1. Introduction The estimation of extreme rainfall data can be achieved using two methods, namely block maxima (BM) and peak over threshold (POT) methods. The BM method considers blocking the data for a specific duration and choosing the maximum rainfall amount that occurred in that particular duration [1]. The choice of block size in BM method can be critical, the blocks that are too small is likely to be poor, leading to bias in estimation and extrapolation and large blocks generate few block maxima, leading to large estimation of variance [1]. Hence, there must be a balance between the bias and the size of variances. In POT method, it identifies a certain threshold and extracting the extreme rainfall series above the chosen threshold from a continuous record, [1]. Recently, most procedures for extreme rainfall estimation are based on the BM series [2–6]. This is due to the simplicity of this method which suggests blocking the data accordingly and choosing the maximum rainfall amount within the study period. The BM series based on moving average is employed as suggested by Fowler and Kilsby [7] especially to derive a dimensionless number of regional quantile in order to determine the return period of the exceedances events. In this study, both methods, BM and POT are used to identify the extreme rainfall series.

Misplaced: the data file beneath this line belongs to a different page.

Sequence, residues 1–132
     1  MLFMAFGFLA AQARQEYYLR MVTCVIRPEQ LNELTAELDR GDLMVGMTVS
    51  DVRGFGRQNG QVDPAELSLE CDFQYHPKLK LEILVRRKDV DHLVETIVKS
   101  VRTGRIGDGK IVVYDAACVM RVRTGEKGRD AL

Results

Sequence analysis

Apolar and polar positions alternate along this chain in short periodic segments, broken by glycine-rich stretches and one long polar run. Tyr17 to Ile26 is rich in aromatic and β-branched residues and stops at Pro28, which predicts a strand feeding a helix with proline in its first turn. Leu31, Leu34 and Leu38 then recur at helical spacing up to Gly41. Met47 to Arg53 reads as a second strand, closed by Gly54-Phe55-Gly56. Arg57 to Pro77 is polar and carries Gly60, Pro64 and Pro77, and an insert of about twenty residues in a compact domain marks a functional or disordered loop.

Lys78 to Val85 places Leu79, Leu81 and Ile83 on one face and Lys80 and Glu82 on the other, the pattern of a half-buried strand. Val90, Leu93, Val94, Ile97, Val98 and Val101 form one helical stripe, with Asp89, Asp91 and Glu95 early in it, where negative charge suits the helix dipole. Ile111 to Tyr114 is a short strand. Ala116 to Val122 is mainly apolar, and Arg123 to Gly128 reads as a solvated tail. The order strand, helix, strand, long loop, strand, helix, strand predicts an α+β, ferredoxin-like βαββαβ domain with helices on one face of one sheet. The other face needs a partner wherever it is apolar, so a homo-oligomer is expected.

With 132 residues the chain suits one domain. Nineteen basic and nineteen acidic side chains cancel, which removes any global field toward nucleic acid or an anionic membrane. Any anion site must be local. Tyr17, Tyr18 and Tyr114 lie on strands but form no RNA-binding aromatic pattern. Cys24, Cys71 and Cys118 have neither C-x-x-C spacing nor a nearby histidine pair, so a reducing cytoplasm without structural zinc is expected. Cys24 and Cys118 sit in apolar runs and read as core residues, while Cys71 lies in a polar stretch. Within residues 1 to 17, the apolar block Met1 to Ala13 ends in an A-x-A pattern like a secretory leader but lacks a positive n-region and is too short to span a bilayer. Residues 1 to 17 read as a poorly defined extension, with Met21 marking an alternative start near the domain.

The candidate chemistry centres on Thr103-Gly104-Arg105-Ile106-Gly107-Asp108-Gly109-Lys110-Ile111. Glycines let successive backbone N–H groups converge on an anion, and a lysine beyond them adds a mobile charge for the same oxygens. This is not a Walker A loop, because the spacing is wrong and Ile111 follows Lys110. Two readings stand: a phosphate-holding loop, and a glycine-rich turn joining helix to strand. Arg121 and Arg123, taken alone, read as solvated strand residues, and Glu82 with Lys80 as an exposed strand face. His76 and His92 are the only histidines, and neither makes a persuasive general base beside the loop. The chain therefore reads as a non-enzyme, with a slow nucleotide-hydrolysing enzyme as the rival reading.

BM and POT are used to identify the extreme rainfall series. Content from this work may

Content from this work may be used under the terms of the Creative Commons Attribution 3.0 licence. Any further distribution of this work must maintain attribution to the author(s) and the title of the work, journal citation and DOI. Published under licence by IOP Publishing Ltd